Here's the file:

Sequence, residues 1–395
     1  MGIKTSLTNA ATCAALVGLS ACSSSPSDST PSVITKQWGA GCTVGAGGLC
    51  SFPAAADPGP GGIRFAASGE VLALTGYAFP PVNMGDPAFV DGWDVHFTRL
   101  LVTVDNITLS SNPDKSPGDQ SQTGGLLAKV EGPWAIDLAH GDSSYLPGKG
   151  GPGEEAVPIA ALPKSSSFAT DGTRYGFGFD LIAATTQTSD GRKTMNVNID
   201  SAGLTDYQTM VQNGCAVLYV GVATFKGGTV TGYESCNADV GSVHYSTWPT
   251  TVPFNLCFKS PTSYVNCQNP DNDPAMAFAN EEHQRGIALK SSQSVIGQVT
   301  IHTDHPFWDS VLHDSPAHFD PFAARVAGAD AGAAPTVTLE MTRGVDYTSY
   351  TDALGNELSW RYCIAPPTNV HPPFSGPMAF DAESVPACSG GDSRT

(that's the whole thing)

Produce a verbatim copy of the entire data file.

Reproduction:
Sequence, residues 1–395
     1  MGIKTSLTNA ATCAALVGLS ACSSSPSDST PSVITKQWGA GCTVGAGGLC
    51  SFPAAADPGP GGIRFAASGE VLALTGYAFP PVNMGDPAFV DGWDVHFTRL
   101  LVTVDNITLS SNPDKSPGDQ SQTGGLLAKV EGPWAIDLAH GDSSYLPGKG
   151  GPGEEAVPIA ALPKSSSFAT DGTRYGFGFD LIAATTQTSD GRKTMNVNID
   201  SAGLTDYQTM VQNGCAVLYV GVATFKGGTV TGYESCNADV GSVHYSTWPT
   251  TVPFNLCFKS PTSYVNCQNP DNDPAMAFAN EEHQRGIALK SSQSVIGQVT
   301  IHTDHPFWDS VLHDSPAHFD PFAARVAGAD AGAAPTVTLE MTRGVDYTSY
   351  TDALGNELSW RYCIAPPTNV HPPFSGPMAF DAESVPACSG GDSRT